Start your mixer and pour in all the wet ingredients, except for the warm water. Let everything mix for a minute, then pour in your warm water. Look at the dough as it mixes, if it seems too dry, add an additional tablespoon of water and see how the dough looks. Mix on medium speed for about 5 minutes.
Dust your counter with My GF flour mix. Scoop out your dough and roll into a tube. Separate into 2 larger sections, and then again, into individual pieces. Get ready to roll.
Roll your dough into a snake about 4 inches long. Then join the two ends together and gently twist so they mesh. Gently pick up your bagel-shape and put it onto a sheet pan that you have dusted with flour. Continue with the other pieces of dough. You should be able to fit 6-8 bagels on a 1/2 sheet pan.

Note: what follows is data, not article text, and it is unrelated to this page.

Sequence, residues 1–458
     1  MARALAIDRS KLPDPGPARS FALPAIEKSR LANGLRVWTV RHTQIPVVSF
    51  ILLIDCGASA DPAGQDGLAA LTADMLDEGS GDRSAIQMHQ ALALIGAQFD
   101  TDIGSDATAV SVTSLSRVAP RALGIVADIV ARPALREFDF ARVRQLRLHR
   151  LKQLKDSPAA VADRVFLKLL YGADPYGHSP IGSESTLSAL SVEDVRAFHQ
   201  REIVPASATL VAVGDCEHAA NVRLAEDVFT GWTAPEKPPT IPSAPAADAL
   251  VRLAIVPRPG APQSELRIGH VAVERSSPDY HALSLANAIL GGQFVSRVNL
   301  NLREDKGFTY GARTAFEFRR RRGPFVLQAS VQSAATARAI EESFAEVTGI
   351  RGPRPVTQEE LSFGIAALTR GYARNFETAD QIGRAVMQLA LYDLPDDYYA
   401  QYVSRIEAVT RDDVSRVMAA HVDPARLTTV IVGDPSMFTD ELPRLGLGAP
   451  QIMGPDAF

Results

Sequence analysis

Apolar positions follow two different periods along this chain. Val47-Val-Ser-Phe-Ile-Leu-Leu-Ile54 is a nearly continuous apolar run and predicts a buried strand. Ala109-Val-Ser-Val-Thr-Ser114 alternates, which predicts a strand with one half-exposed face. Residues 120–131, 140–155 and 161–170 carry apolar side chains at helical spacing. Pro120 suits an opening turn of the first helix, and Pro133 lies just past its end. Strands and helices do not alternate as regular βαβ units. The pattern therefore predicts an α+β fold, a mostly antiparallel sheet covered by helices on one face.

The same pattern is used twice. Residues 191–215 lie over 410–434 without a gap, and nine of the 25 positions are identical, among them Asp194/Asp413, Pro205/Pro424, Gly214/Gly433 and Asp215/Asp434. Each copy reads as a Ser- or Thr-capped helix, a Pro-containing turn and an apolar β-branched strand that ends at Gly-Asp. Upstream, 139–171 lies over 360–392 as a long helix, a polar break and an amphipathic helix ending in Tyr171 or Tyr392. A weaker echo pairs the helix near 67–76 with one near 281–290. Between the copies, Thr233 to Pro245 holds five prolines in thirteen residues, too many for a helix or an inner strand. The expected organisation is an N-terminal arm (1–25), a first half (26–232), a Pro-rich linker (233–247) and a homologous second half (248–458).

This next part seems trivial, but it’s more important than you think. When your first pan in full of bagels, take a pan spray(like a Pam or whatever you have that’s similar) , and spray each bagel lightly with the spray. Then very gently cover the whole pan with plastic wrap, just so it covers each of the bagels. Place the sheet pan into your warm oven. Continue rolling and sheeting the rest of the bagels and repeat the spraying and wrapping process. Both spraying and wrapping the bagels keeps them moist enough to allow the yeast to rise. If the bagels get dry, the yeast can’t spring up and you will have a dry and cracked surface.